Tomorrow’s meeting of the Wichita City Council may proceed without a quorum. Or not.
Sec. 2.04.270 of the Wichita city code defines a quorum as “a majority of the members-elect of the council who shall be authorized to transact ordinary and usual city business at any council meeting.” That means four members. But the code doesn’t say anything about whether those members must be present in the council chambers, or may they participate remotely by telephone or other method.
Generally, assembling a quorum by including remote members is not legal. It’s not allowed in the Kansas Legislature, and also not in the United States Congress. (If you’ve seen season 2 of “House of Cards” there is a dramatic episode based on this principle.)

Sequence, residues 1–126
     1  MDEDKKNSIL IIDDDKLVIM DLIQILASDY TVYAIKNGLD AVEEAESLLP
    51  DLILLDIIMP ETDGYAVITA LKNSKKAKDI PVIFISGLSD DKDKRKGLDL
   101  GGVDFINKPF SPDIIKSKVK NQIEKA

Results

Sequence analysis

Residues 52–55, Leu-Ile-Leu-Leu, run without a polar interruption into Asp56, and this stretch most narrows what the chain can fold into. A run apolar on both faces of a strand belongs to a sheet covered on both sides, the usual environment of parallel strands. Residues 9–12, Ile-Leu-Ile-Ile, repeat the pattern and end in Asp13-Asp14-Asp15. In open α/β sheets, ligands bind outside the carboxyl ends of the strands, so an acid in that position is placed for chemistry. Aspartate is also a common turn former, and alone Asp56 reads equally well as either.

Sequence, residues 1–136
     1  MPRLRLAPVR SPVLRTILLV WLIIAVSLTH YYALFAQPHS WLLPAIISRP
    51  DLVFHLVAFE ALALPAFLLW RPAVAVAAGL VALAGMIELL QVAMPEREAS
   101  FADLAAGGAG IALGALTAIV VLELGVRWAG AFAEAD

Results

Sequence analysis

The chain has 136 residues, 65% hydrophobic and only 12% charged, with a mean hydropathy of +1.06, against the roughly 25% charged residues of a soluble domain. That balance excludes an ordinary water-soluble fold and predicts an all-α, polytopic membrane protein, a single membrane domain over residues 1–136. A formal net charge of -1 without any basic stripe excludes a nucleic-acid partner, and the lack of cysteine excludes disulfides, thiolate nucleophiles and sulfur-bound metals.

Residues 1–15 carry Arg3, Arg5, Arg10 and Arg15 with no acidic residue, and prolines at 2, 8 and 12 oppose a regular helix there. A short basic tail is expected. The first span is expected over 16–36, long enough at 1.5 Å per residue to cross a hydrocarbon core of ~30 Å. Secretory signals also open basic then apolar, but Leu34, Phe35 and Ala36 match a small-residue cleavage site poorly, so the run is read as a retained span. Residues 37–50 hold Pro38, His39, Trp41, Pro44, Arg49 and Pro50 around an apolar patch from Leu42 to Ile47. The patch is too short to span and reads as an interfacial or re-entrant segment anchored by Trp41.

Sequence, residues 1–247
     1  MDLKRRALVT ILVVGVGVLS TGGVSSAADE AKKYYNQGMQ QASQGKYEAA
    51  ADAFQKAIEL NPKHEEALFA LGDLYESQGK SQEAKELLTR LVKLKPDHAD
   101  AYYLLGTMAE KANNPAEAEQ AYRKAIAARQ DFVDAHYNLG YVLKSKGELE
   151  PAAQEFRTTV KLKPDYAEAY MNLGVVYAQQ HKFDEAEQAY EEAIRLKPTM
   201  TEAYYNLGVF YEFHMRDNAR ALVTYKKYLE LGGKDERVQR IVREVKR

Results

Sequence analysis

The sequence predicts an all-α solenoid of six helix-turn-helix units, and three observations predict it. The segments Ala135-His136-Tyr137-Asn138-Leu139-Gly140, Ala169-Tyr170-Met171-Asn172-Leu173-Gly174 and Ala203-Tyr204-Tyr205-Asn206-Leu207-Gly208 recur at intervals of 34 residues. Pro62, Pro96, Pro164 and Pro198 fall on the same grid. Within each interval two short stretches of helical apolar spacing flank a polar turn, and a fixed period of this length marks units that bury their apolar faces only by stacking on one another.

So will Tuesday’s meeting of the council be legitimate, in the sense of having a quorum present?
Maybe not. The city may realize there’s a problem, as the agenda packet recommends the council take this action: “Open the public hearing for public comment on the creation of a TBID, receive public comment, close the public hearing, and direct staff to return with an ordinance if appropriate.”
Generally, a meeting like this would have the recommendation to close the public hearing and pass the ordinance. So the city may contend that tomorrow’s meeting is only for the purpose of conducting a statutorily-required public hearing. Any actual lawmaking with ordinance-passing will be done later. Whether this makes the meeting legal, I don’t know.
In addition to the valid question concerning the legality of a City Council meeting when a quorum is not physically present, one needs to question whether or not it reflects good public policy to conduct a public meeting by telephone. Why wasn’t the TBID item on the council’s agenda postponed to a later date when a quorum could be present?